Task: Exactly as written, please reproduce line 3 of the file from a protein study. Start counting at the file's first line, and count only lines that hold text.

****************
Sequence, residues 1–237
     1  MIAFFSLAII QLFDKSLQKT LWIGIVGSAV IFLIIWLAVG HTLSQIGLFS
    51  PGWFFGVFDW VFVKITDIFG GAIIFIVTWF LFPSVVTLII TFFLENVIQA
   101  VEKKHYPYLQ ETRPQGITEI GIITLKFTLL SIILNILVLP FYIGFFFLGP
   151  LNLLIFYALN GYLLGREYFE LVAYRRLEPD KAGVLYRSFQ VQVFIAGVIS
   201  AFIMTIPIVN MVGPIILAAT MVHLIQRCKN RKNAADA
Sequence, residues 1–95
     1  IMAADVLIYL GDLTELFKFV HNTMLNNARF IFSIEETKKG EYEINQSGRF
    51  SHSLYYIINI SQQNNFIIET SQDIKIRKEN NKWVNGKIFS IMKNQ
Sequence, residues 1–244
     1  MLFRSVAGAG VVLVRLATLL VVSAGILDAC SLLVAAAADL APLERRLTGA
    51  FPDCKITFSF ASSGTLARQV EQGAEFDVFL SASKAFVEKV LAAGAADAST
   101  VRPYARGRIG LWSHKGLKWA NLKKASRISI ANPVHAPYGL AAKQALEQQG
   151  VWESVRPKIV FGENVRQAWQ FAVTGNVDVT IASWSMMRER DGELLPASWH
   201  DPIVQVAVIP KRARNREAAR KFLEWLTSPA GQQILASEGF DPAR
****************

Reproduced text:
    51  PGWFFGVFDW VFVKITDIFG GAIIFIVTWF LFPSVVTLII TFFLENVIQA